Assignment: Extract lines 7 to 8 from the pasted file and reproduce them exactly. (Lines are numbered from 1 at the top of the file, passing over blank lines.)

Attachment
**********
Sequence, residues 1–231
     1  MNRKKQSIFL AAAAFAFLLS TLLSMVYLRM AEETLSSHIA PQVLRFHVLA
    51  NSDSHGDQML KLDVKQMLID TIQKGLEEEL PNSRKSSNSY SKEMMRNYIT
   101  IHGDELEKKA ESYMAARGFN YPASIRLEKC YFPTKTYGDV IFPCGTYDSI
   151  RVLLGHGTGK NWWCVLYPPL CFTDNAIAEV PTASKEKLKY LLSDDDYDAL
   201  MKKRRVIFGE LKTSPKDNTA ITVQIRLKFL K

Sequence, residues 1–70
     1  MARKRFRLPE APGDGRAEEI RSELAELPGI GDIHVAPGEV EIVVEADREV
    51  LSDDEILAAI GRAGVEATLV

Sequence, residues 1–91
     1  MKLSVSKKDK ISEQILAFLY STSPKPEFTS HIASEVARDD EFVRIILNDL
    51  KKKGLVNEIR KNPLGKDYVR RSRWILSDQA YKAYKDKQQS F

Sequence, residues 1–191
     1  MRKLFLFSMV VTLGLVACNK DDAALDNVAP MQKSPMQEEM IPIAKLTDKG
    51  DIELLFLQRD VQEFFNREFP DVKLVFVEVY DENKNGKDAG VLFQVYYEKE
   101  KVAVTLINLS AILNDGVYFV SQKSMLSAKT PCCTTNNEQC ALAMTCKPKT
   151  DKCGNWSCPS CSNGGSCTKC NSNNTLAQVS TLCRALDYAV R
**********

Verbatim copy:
Sequence, residues 1–70
     1  MARKRFRLPE APGDGRAEEI RSELAELPGI GDIHVAPGEV EIVVEADREV